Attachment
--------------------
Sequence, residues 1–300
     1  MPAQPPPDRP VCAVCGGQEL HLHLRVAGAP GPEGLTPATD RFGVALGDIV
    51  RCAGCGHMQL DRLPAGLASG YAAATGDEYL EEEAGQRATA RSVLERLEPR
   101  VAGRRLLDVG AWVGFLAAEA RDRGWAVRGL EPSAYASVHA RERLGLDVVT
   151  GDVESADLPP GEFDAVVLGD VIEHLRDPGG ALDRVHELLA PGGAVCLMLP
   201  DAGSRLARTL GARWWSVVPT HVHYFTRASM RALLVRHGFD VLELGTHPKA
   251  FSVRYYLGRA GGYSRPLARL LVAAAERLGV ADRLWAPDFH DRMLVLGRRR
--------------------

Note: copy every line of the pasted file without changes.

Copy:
Sequence, residues 1–300
     1  MPAQPPPDRP VCAVCGGQEL HLHLRVAGAP GPEGLTPATD RFGVALGDIV
    51  RCAGCGHMQL DRLPAGLASG YAAATGDEYL EEEAGQRATA RSVLERLEPR
   101  VAGRRLLDVG AWVGFLAAEA RDRGWAVRGL EPSAYASVHA RERLGLDVVT
   151  GDVESADLPP GEFDAVVLGD VIEHLRDPGG ALDRVHELLA PGGAVCLMLP
   201  DAGSRLARTL GARWWSVVPT HVHYFTRASM RALLVRHGFD VLELGTHPKA
   251  FSVRYYLGRA GGYSRPLARL LVAAAERLGV ADRLWAPDFH DRMLVLGRRR